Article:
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PEOPLE STATE NEW YORK v. WILLIAM F. WRIGHT (07/14/69)

COUNTY COURT OF NEW YORK, SPECIAL TERM, NASSAU COUNTY 1969.NY.42612 <http://www.versuslaw.com>; 301 N.Y.S.2d 825; 60 Misc. 2d 59 July 14, 1969 THE PEOPLE OF THE STATE OF NEW YORK, PLAINTIFF,v.WILLIAM F. WRIGHT, DEFENDANT Willian Cahn, District Attorney, for plaintiff. James F. McManus and Jerome O. Glucksman for defendant. David T. Gibbons, J. Author: Gibbons


David T. Gibbons, J.

Author: Gibbons

 The defendants are charged with the crime of murder under section 125.25 of the revised Penal Law. An order for separate trials, heretofore granted, directed that the trial of the defendant, William Wright, proceed first.

After the case was called for trial, and immediately prior to the selection of a trial jury, a challenge to the panel of prospective jurors, sent from the Central Jury Part, was made on behalf of the defendant, William Wright, a Negro, pursuant to section 363 et seq. of the Code of Criminal Procedure.

Matters pertaining to census and population are the subject of judicial notice. (Trustees of Union Coll. v. City of New York, 65 App. Div. 553, affd. 173 N. Y. 38.)

The court takes judicial notice that the population of Nassau County is in excess of one million and that the procedures relating to the qualification and selection of jurors set forth in article 18 of the Judiciary Law are applicable in this case.

It is his contention that, because of the insufficient number of Negroes being selected for jury duty in general, and because of discriminating practices employed by which Negroes were excluded from this particular panel of prospective trial jurors, there is not such a proper proportion of Negroes on this panel of prospective jurors, empaneled for use on this trial, as relates to the population as to afford this defendant a trial by a jury of his peers.

A hearing on this question was conducted by the court at which the only witness called was Honorable Joseph Dowler, Commissioner of Jurors of the County of Nassau.

From his testimony, the court finds that from about 300 to 400 persons from all parts of Nassau County are summoned each business day to the office of the Commissioner of Jurors for the purpose of qualifying as jurors. The names and addresses of these prospective jurors are obtained from the voter's registry, telephone book, assessment rolls, lighting company lists and the lists of automobile owners from the Bureau of Motor Vehicles.

The Commissioner estimated that the total population of the county is about one million and a half, of which about 4% are Negro. He also estimated that after eliminating those under 21 years of age, and over 72 years of age, together with certain professional people, and women, of whom 90% claim the statutory exemption, from which it may be concluded that a rather small percentage of the total population ever serve on juries.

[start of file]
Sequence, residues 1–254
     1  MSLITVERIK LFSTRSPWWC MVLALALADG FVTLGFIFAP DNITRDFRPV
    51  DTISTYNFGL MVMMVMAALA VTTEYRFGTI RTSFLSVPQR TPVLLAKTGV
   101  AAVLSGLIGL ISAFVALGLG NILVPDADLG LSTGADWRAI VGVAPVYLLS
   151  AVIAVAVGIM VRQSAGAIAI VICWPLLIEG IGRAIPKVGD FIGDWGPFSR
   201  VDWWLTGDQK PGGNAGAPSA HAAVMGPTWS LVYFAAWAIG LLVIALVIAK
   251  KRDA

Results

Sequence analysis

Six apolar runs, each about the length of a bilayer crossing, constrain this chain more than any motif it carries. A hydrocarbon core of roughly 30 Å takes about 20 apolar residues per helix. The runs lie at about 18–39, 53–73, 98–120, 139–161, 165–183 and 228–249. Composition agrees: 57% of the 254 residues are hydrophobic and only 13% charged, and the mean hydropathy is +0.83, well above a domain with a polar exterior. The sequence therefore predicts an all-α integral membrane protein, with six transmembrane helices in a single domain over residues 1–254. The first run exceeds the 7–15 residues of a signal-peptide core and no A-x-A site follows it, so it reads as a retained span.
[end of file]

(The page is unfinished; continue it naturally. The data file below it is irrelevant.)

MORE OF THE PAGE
The Commissioner also testified, and the court finds, that no particular area of Nassau County is chosen to seek out qualified trial jurors, nor does he issue any general or specific orders to systematically exclude persons of any particular race, religion or creed from the jury rolls. Those receiving qualifying summons are chosen by lot from rolls made up from the various lists above mentioned, and sent in equal numbers to every area of the county regardless of the concentration of whites or blacks residing there. There is no attempt to send a smaller number of summons into an area populated by more blacks than white individuals.

The qualifying procedure involves a written questionnaire to be answered by the person summoned. (Judiciary Law, § 661.) Nowhere on this paper is there any reference to race, religion or national origin.

The Commissioner of Jurors also testified, and the court finds, that although there are questions to be answered in relation to schooling and educational attainment, the answers thereto are given no weight and are not used in any way in the qualification of the prospective jurors. If the person summoned is unable to understand the questionnaire because of his not being able to read or write English, he is not accepted. Ability to read and write the English language understandably is a requisite for qualification as a juror. (Judiciary Law, § 662.)

The prospective jurors are drawn by lot when they are summoned for qualification determination, and again when they are drawn for the respective jury panels, including the one assembled for this case.

There are no records, marks or devices employed on the ballot or anywhere else to differentiate as to the race, religion, national origin, educational or socio-economic circumstances of any of the prospective jurors, and the Commissioner and his employees who perform the various tasks connected with ...


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